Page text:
I believe its good to throw yourself into a class of reputation no matter what you believe your "expertise" level is. You'd be surprised how mis-informed or outdated you havebecome, and the holes in your "self learning". You might be advanced in some areas, but lacking in some fundamentals (or forgetful). Think of it as a "technical refresher". The paper is just paper.
exactly. well put
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Old 30-12-2014, 10:24   #51
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Re: Certification: Worth it?

Quote:
Originally Posted by Macblaze View Post
There is a bit of "confusion" in your reply that essentially captures my outlook on the issue. (BTW, I do agree with everything you said, it's the conclusion that isn't as obvious to me.)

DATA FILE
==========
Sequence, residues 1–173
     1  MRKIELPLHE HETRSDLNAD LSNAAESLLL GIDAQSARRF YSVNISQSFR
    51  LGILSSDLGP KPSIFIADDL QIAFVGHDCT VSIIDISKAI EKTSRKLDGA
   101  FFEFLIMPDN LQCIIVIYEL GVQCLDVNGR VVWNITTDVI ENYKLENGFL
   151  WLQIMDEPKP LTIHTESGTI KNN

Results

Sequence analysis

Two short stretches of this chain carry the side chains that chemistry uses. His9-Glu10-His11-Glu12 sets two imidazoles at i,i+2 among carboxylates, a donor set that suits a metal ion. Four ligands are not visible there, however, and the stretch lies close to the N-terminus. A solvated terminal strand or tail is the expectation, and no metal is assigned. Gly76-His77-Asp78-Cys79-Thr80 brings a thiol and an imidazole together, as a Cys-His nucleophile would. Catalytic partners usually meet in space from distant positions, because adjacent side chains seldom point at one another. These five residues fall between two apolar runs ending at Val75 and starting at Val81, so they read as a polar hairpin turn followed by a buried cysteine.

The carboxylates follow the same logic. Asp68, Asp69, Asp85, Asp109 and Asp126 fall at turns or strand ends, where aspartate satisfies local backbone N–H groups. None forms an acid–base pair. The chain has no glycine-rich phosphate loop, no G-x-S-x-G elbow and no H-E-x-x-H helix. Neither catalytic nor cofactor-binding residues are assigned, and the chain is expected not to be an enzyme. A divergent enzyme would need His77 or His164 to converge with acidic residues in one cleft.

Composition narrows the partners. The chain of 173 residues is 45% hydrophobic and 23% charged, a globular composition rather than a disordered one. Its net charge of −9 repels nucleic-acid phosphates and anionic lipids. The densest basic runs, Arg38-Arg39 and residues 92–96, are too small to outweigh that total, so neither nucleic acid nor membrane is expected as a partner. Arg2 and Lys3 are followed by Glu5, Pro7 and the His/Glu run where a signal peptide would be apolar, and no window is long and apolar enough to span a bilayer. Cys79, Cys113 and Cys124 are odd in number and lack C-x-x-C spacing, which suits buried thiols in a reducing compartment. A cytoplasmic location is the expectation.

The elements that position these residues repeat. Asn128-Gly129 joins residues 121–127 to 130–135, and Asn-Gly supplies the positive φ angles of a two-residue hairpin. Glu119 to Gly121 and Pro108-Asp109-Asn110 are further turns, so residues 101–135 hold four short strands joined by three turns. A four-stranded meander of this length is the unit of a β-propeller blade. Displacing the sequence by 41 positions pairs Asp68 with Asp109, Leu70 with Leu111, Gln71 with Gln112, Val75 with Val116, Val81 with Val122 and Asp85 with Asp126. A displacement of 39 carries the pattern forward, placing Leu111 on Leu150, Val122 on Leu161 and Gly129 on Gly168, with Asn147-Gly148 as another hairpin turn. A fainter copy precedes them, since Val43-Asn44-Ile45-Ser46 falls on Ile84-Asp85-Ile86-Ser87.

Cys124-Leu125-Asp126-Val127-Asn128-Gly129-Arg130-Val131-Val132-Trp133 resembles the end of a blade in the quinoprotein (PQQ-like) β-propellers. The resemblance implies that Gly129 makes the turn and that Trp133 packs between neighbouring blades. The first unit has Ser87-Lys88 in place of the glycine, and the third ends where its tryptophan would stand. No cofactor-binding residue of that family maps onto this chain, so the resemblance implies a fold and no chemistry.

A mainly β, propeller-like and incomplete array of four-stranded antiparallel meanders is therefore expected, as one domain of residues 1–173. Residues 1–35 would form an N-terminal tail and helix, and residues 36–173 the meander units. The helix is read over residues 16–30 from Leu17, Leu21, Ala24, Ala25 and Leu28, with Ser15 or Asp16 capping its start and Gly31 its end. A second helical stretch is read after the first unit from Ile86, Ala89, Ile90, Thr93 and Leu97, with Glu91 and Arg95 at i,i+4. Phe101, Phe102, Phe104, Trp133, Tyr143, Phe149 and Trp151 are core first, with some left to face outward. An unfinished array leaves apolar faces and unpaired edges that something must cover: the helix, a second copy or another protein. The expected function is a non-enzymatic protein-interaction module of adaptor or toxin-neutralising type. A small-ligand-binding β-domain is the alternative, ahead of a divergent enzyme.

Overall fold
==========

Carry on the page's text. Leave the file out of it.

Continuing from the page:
Structured learning is good.
A piece of paper does not make you a sailor.
One of the few worthwhile qualifications can be challenged.

Given the above three factoids, slogging your way through course after course really isn't as cut and dried an issue as one would think.
I had to go back to the first post in this thread and see how all this started. You live in Edmonton. I would take Jackdale up on his offer as he circumnavigates Vancouver Island. I have done this and can tell you once you have completed this, even a part of it, you will have more self esteem, confidence, skill and maybe start developing a fat head like some of us. You will encounter everything the seas have to offer and be in the best navigational training grounds in the world. He is an IYT Instructor and you can continue certifications with him if you want the qualification. It is more than "just a piece of paper" It is hours, days at sea and academics. It should be viewed as a personal milestone and as others have mentioned, it should be fun.